New Galapagos Islands tortoise species discovered

In the Galapagos Islands, researchers have discovered a new species of giant tortoise that is distinctly different from the other tortoises on the island. This particular species, called Chelonoidis donfaustoi, is found on an arid part of Santa Cruz island; about 250 of these tortoises are said to be located there. This discovery confirms a long-held suspicion among some researchers that an inland subset of tortoises located away from the main population is, in fact, a wholly different species.

The Chelonoidis donfaustoi tortoises are located about 20 kilometers away from the main population on the island. U.S. Geological Survey wildlife biologist Tom Fritts first suggested the two groups may be different species, citing the physical distance between the two as the main source of his suspicion.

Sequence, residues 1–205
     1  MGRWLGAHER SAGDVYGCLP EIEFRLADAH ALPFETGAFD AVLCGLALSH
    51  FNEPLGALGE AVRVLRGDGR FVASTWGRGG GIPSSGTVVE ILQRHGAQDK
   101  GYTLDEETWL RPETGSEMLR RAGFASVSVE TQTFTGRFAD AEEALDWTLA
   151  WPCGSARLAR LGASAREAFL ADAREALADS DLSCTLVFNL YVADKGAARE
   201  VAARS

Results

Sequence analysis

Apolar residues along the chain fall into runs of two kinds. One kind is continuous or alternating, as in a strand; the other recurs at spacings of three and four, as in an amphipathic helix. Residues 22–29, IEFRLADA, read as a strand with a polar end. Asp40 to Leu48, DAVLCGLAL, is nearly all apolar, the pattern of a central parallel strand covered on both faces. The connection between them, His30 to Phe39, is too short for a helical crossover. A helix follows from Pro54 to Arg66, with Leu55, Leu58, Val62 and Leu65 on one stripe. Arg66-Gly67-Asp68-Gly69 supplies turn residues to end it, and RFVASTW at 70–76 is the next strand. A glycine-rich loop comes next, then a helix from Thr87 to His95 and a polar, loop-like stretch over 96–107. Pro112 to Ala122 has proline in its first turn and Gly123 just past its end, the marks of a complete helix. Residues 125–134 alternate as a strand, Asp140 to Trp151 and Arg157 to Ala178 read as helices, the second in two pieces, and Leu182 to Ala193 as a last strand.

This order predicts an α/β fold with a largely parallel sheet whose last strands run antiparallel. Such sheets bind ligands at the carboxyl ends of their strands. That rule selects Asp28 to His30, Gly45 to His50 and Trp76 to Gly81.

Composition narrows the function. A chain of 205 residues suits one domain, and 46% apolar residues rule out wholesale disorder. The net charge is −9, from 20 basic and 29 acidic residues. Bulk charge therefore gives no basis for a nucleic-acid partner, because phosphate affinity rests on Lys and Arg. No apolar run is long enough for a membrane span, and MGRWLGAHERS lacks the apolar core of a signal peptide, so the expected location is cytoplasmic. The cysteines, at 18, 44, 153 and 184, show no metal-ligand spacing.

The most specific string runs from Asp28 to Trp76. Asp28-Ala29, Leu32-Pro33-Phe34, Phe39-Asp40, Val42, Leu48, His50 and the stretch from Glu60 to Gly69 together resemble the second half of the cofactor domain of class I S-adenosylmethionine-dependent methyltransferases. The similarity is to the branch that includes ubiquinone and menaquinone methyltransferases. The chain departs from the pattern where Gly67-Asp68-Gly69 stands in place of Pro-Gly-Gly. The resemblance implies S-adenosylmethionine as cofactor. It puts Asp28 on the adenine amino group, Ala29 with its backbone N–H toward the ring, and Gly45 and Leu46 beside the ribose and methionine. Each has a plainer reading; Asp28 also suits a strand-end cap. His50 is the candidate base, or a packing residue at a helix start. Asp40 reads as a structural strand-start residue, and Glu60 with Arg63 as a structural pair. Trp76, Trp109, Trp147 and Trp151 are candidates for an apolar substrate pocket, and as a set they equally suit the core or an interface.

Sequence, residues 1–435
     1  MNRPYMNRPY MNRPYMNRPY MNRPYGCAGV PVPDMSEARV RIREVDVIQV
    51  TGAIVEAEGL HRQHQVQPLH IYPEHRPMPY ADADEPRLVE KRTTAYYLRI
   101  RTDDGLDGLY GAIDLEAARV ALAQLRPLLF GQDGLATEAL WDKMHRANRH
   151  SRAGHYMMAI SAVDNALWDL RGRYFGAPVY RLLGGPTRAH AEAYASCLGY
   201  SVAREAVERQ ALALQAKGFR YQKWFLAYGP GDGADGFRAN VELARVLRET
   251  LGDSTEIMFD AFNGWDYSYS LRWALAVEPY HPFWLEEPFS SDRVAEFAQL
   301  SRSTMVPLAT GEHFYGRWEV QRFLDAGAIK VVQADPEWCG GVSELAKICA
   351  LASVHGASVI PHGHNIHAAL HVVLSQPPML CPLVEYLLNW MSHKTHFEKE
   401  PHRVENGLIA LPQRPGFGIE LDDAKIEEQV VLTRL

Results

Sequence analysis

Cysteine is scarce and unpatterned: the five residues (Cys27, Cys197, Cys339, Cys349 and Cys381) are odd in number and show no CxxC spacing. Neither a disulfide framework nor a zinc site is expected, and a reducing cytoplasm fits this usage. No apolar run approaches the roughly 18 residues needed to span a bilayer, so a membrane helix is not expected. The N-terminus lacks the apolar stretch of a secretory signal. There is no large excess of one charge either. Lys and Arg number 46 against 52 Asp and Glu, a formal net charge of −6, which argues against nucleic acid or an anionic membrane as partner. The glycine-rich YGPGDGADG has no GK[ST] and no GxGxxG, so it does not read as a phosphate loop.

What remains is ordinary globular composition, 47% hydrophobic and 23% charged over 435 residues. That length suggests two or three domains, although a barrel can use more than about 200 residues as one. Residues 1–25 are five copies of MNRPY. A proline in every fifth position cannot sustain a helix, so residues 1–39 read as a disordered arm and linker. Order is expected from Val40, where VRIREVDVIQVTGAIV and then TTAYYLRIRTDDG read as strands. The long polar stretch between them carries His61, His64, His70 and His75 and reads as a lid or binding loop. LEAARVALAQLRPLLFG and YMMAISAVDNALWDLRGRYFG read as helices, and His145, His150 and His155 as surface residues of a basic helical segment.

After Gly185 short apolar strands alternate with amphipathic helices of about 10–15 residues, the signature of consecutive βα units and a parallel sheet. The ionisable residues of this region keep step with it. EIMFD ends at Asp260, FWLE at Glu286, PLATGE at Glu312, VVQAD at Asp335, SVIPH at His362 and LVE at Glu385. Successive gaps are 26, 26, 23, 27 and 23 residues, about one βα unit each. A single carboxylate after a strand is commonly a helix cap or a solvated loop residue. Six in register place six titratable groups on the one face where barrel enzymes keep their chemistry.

This suspicion led to a team of researchers investigating the two tortoise collectives; they examined a dozen microsatellite loci regions of nuclear DNA, among other things, and ultimately found a total of 25 mutations between the two groups. Such a difference confirmed that they were two separate species, something that otherwise wasn't readily discernible by looking at the groups.

In an effort to learn about their origins, the team also used data from over the past two decades to assemble a family tree of sorts for the tortoises on the island. As it turns out, this newest species' closest relative lives on the island San Cristobal, not Santa Cruz.

SOURCE: Nature